When it came to starting the Racer Sessions and getting more into experimental and avant-garde music and free improvisation, it was a bit of an extension of that. It was thinking about learning jazz vocabulary and adapting it to my own voice and something that was really deeply meaningful and personal to like my own musical expression. I found that with free improvisation because I was able to like synthesize like all of my favorite musical styles and genres into improvising.
When I was really exploring it, I felt like I was developing my own language and my own way of self-expression through the drums. Playing became more than just being able to play different styles and genres. It was like, this is me showing to you, the listener, or whoever wants to take this in, this is a part of myself. Something that I can't really express in words or in any other way. It kind of just comes out in the drums and improvising.
It's more like a visceral response than verbal.
Yeah. I mean so much of it is... Because when you're improvising, you're reacting to whatever is happening on the spot, it becomes like a very, very direct gateway to what I'm thinking or what I'm feeling in the moment. And there were so many times when I would be going through like hard things in my life that I was able to just get out all those feelings and emotions through banging on the drums. And especially improvising with people, because you then get to share that with the people you're playing with.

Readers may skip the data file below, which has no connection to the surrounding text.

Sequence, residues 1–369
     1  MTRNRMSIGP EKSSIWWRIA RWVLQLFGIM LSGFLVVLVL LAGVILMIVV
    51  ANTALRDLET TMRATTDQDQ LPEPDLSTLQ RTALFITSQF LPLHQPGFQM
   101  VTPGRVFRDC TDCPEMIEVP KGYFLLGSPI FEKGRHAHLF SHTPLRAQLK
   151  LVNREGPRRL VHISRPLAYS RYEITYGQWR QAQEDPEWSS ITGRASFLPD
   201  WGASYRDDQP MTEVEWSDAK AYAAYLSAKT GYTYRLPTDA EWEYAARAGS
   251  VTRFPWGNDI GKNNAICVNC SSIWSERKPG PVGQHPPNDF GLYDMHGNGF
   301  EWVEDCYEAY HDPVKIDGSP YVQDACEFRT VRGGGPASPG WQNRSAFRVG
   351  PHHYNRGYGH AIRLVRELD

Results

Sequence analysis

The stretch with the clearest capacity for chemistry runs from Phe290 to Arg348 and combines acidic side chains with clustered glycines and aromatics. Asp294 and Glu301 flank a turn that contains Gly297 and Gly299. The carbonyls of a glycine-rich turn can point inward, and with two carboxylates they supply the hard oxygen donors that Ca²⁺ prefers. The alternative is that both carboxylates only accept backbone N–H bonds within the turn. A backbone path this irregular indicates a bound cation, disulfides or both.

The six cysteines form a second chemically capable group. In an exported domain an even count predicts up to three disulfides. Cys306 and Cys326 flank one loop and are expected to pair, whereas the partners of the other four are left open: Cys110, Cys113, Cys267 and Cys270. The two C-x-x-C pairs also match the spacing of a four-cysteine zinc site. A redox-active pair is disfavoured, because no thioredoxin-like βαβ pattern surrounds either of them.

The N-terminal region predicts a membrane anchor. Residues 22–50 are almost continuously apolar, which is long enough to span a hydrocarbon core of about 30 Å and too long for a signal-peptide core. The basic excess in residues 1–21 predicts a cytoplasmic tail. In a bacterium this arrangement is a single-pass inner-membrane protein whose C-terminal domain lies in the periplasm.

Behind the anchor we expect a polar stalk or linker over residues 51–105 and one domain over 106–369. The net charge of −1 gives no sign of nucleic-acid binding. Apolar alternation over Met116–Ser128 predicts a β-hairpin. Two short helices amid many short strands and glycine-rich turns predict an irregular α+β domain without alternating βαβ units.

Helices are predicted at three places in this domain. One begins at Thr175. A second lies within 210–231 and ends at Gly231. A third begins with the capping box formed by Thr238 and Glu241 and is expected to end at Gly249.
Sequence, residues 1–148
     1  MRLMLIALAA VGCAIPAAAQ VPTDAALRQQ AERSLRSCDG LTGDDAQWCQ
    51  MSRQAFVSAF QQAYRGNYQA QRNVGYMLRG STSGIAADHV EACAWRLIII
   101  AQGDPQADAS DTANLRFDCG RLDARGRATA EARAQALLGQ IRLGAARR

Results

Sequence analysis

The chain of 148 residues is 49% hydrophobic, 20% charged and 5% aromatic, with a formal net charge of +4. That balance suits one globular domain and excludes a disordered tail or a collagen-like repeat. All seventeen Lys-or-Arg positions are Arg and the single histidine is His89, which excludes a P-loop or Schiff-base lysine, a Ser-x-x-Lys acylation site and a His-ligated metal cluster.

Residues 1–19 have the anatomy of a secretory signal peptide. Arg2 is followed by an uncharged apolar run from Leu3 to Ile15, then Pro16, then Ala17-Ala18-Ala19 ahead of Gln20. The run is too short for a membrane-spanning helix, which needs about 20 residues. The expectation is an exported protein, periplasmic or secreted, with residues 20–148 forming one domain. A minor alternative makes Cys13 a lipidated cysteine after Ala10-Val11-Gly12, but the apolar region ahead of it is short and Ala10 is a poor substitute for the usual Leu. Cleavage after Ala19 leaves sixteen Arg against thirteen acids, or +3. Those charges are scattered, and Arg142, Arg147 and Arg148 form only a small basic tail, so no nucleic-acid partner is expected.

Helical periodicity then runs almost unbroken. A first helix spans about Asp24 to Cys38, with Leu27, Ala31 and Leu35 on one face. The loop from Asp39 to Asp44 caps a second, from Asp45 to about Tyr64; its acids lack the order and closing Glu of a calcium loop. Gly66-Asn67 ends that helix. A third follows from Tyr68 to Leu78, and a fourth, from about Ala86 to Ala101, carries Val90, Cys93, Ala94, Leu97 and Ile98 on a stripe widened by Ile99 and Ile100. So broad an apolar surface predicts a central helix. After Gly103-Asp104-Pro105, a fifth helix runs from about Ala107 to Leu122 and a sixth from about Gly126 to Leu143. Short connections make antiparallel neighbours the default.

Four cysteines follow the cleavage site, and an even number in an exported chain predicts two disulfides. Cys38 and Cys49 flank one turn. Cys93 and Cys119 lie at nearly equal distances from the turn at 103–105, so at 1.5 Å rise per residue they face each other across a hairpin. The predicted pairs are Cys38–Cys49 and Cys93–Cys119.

For those who aren't familiar, could you talk about the Racer Sessions and Table and Chairs and what those are all about?
So the Race Sessions, miraculously enough, has been around for over 10 years, which blows my mind every time I think about it. We started it and this was a group of friends that I went to school with at the University of Washington and other people that were in the jazz and experimental music community. But we started a music series at Cafe Racer up in the U-District on Sunday nights that was a performance series that was focused mainly on new and experimental music. And then we would open it up to a free improvisational jam session. So we would invite anyone who wanted to come play with whatever instrument, with whatever ability, level, and experience to come and just join in with other people and improvise together.
And what was great about it is it's not genre-specific. And it doesn't require that you have years of institutional training on your instrument or knowledge of music. It's more about coming and collaborating with people and letting go of ego and just participating in the moment to make the best music possible.
We've been able to, you know, keep it alive for more than ten years through thick and thin, really. Cafe Racer has gone through so many trials and tribulations. It's been amazing that the community has stuck by and been supportive throughout. And even in our global pandemic, we're able to organize and maintain it through all of this. It's really great to be able to have that community still very vibrant.
On your website you mentioned your commitment to anti-racist and anti-sexist organizing in Seattle DIY. I'm curious how that might relate to the Racer Sessions and what some of that work looks like.